Linda’s twenty something daughter is struggling, however. She has dealt with the aftermath of a premature birth all her young life. A few years ago she “came out” as a homosexual, married and divorced a woman, and was subsequently diagnosed with schizophrenia. (Makes me wonder more than ever about the validity of these labels when you consider all the suffering.) The daughter is young and can work it through for herself in her own way, in her own time. Empathy is a great healer, too.
Michel Montignac died last Sunday in Annemasse, France. His name is frequently referred to in reverential tones in our household, usually at dinner time. He perfected a low-glycemic diet (despite no scientific training, harrumph his critics) that was the inspiration for the South Beach Diet and the Susanne Somers Diet amongst others.
“All traditional methods of dieting have amounted to a myth as big as Communism, and like Communism, they are destined to collapse,” Mr. Montignac told The New York Times in 1993.
Despite the fact that his diet isn’t actually a diet but a sensible way of life, he still has his critics. “The diet is basically a delightful, joyous swindle,” Dr. Marian Afpfelbaum, a nutrition professor at the Bichat medical school in Paris, said in 1993.
When I hear a nutritionist weigh in with an opinion, I usually tune out. Nutritionists have been telling us for years rubbish such as what my mother heard from one on CBC Radio back in the 1950s. Kool-Aid is a nutritious drink for children, the nutritionist said soothingly. Yes, she actually said that! Nutritionists then went on to contradict themselves for several decades by saying that sugar causes hyperactivity, then recently nutritionists have begun telling us that sugar doesn’t cause hyperactivity. Nutritionists also tell us nonsense that we can get all the nutrients we need just by eating a balanced meal, completely ignoring the fact that food loses much of its nutritive value by being shipped long distances (so do people, BTW), frozen and defrosted, and more importantly, some people need lots more of certain vitamins than the recommended daily amount. Recommended daily amounts are for sissies. You gotta be bold when it comes to your own health.
I put nutritionists in the same category as most psychiatrists – they both are faddists. Since we are all unique in mind and body, we owe it to ourselves to think for ourselves about what works and what doesn’t for us.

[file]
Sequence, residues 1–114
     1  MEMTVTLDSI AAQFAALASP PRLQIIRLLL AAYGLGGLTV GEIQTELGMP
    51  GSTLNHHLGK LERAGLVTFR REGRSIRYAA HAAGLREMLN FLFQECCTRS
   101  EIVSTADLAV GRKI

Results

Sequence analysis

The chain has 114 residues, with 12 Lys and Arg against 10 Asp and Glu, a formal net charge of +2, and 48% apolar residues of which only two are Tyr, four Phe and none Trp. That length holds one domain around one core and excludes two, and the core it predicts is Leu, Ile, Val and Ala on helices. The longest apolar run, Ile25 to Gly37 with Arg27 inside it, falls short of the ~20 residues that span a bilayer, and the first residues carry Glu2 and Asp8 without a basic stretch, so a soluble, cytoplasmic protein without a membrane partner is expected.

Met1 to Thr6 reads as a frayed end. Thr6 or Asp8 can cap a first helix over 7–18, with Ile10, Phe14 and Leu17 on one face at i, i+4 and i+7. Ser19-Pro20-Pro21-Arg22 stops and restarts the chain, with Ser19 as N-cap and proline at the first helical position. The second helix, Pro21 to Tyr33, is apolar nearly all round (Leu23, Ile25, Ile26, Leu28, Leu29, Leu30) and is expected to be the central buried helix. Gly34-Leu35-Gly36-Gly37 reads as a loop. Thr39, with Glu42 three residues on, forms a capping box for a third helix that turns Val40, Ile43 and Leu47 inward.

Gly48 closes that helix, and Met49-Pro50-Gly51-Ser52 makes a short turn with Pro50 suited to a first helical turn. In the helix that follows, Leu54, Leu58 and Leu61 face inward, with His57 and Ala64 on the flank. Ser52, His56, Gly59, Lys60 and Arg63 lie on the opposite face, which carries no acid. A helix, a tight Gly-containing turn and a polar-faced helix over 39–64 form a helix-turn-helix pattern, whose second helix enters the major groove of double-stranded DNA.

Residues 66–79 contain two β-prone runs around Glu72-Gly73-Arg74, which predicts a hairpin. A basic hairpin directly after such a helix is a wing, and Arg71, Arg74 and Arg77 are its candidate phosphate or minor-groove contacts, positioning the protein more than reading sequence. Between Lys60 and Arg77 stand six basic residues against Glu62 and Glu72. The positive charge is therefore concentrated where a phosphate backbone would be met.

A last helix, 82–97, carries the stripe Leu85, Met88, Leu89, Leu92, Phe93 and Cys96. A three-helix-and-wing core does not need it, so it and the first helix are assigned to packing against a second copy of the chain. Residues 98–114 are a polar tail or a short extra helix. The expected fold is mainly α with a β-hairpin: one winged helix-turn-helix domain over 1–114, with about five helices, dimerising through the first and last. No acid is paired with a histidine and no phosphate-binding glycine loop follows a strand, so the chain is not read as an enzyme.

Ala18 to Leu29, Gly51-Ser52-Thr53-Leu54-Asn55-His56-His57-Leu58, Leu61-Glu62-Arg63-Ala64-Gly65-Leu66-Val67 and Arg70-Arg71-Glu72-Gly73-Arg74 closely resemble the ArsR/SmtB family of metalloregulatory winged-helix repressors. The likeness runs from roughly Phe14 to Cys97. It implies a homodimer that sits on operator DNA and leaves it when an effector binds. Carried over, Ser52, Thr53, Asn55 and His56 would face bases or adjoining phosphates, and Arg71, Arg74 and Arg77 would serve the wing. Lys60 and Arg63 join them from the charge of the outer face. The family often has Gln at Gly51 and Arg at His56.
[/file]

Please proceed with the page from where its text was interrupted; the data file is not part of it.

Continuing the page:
Just this week, in fact, I was daydreaming about opening up a chain of restaurants in North America based on the Montignac low-glycemic index and food combining. Patrons at my restaurants and fast food outlets would be refused any food combination that provokes weight gain and diabetes. “You want potatoes or pasta with your meat? Forget it. And don’t even think of ordering fruit after dinner. It’s just not going to happen here.”
R.I.P. Michel Montignac. I haven’t had that bloated feeling since I embarked on your diet.
There is a fascinating article in the July 12 & 19 New Yorker magazine about the art world and forgeries, but it just as much could apply to the world of psychiatry, which is still trying (badly) to gain respectability as a science. The comparison between psychiatry and art dealers is not an exact fit, but it’s close. Psychiatry and pharma are trying to justify the existence of the “schizophrenia gene” and to utilize brain scans that will put us endlessly in their thrall, just as this article explains that fingerprints are the holy grail in authenticating works of art. Many people will take advantage of the public’s wanting to believe in certainty.
In the early twentieth century, as J. P. Morgan, Henry Clay Frick, and other wealthy Americans bid up prices of Old Masters, the search for a foolproof system of connoisseurship intensified. At the same time, the flood of money into the art market led to widespread corruption, with dealers often paying off connoisseurs to validate paintings. In 1928, the art dealer René Gimpel complained, “The American collector is prey to the greatest swindle the world has ever seen: the certified swindle.”
The public has long been suspicious of connoisseurship. As John Brewer recounts in his recent book “The American Leonardo,” about a Kansas City couple’s battle, in the nineteen-twenties, to authenticate a potential Leonardo, this distrust had to do with more than the system’s reliability; it also had to do with doubts about the authenticity of the art world itself, with its cult of prized artists, its exorbitant trafficking in aesthetic pleasure, and an élite that seemed even more rarefied than most. In 1920, the Kansas couple, Harry and Andrée Hahn, sued the powerful art dealer Joseph Duveen for half a million dollars after he told a reporter that a portrait they owned could not possibly be a Leonardo. The Hahns argued that connoisseurs offered only “air-spun abstractions and nebulous mumbo-jumbos,” and that “smart and tricky art dealers” ran a “racket.” Even the judge in the case warned jurors to be wary of experts who relied on means “too introspective and subjective.” (Though none of the leading connoisseurs considered the painting a Leonardo, and later technical evaluations confirmed their judgment, the trial ended in a hung jury, and Duveen paid the Hahns sixty thousand dollars to settle the case.)